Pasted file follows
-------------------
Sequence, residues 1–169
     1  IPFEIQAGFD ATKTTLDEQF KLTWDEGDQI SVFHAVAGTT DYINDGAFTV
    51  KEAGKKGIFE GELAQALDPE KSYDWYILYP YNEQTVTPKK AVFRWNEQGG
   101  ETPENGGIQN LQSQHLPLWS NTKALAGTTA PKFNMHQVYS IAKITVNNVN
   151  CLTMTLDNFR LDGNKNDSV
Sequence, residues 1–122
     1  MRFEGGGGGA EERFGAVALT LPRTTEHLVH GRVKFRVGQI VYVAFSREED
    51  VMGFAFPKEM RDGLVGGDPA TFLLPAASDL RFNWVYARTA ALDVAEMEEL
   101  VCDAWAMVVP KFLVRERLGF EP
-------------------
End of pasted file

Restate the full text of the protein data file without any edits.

Sequence, residues 1–169
     1  IPFEIQAGFD ATKTTLDEQF KLTWDEGDQI SVFHAVAGTT DYINDGAFTV
    51  KEAGKKGIFE GELAQALDPE KSYDWYILYP YNEQTVTPKK AVFRWNEQGG
   101  ETPENGGIQN LQSQHLPLWS NTKALAGTTA PKFNMHQVYS IAKITVNNVN
   151  CLTMTLDNFR LDGNKNDSV
Sequence, residues 1–122
     1  MRFEGGGGGA EERFGAVALT LPRTTEHLVH GRVKFRVGQI VYVAFSREED
    51  VMGFAFPKEM RDGLVGGDPA TFLLPAASDL RFNWVYARTA ALDVAEMEEL
   101  VCDAWAMVVP KFLVRERLGF EP